The Role of Images: The Creation of Language

Although we cannot trace back in time to the day languages were created, we should understand that the creation of language is gradual and ever-changing.The Chinese language and the English language were not created in a day. It was through many years of attempts at communication that people accepted a set form of language. What we do know is that the language was derived from pictures. Although people may have had different “pictures” in mind when creating words for the same things, they are ultimately the same. For example, things like the 三点水 are associated with water, therefore the 旁 would be 3 点, which resembles water. Or take the word 网as an example. You see the two XX in the middle of the word and the “box” covering it? You could deduce that from the way the word is written, it has something to do with enclosures and something to do with nets (though less obvious). This word is used in Nets, like fishnet or even Internet today.

Languages change all the time too. One word might mean something in the past and might mean something completely different. Click here to go see eight words which have completely changed their meaning over time. Also, I’ve been looking through words that have interesting roots, and I saw the hot words from dictionary.com explaining the roots of Autumn’s name FALL. 

And that’s not all, if we look at changes in languages, we must look at how the digital age has influenced it. The word “lol” has successfully been added into the Oxford (and many other) dictionaries. Though its definition might need a little bit of tweaking, we can see how widespread use of the word in society will eventually lead to the word being assimilated into the language.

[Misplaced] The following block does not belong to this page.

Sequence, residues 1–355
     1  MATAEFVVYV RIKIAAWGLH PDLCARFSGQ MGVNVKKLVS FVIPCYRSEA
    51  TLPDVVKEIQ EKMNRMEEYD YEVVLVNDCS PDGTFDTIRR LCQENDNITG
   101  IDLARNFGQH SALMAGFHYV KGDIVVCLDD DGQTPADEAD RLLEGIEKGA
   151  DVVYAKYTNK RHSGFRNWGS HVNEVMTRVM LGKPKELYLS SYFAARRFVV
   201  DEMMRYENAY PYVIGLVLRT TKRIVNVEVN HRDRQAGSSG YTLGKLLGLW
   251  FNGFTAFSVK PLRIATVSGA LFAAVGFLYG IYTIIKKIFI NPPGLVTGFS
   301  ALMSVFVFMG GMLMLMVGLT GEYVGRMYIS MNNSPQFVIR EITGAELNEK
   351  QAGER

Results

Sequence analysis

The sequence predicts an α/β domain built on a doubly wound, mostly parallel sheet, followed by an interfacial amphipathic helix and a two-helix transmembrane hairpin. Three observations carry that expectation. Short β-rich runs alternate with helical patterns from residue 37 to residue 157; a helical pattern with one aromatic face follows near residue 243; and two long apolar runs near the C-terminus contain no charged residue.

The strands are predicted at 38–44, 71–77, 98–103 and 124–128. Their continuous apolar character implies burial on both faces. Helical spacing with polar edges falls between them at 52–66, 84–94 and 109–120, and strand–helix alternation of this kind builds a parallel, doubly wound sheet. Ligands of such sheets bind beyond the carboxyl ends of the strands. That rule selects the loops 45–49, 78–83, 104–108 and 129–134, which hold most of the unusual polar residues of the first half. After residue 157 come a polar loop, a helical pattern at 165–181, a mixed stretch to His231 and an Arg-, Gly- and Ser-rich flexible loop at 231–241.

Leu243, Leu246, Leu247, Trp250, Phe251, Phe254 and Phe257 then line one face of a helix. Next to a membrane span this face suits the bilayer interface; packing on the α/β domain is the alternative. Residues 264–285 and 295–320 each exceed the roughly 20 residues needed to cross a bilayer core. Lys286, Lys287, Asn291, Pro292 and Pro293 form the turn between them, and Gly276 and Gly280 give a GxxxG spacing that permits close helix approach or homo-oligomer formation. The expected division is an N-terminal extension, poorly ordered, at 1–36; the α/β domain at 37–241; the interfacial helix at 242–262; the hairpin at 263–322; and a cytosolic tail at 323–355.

Although we cannot make any judgments about the similarities in the ways languages were created, after examining different languages, most notably Chinese, Indian and some of the middle eastern and African languages, we can see that they all have one thing in common: The languages were all derived from images. For languages with words that were not related in any way to images, like languages that have Latin roots, we still require some sort of image in the brain to interpret the word.

Comments are will be much appreciated. I would like to know what you think? For those of you who are also multilingual, do you share the view now that I have state my opinion in the previous paragraph?

Be the first to like.

1 comment to The Role of Images: The Creation of Language

  • Averil

    I feel that honesely, alphabets have no images linked to them. Words that we type are just alphablets strung together into words. Each alphebet has a sound to it which makes us pronounce it the way we do. While I do not claim to be multilingual, It is true that chinese characters did evolve from images, and this probably is true for all other languages that do not involve alphabets. I dont really get what you mean by -languages that have latin roots still require some sort of image in the brain to interpret the word though. Do you mean that our brain immediately converts the alphabets strung together form images in our minds?

You must be logged in to post a comment.

Recent Comments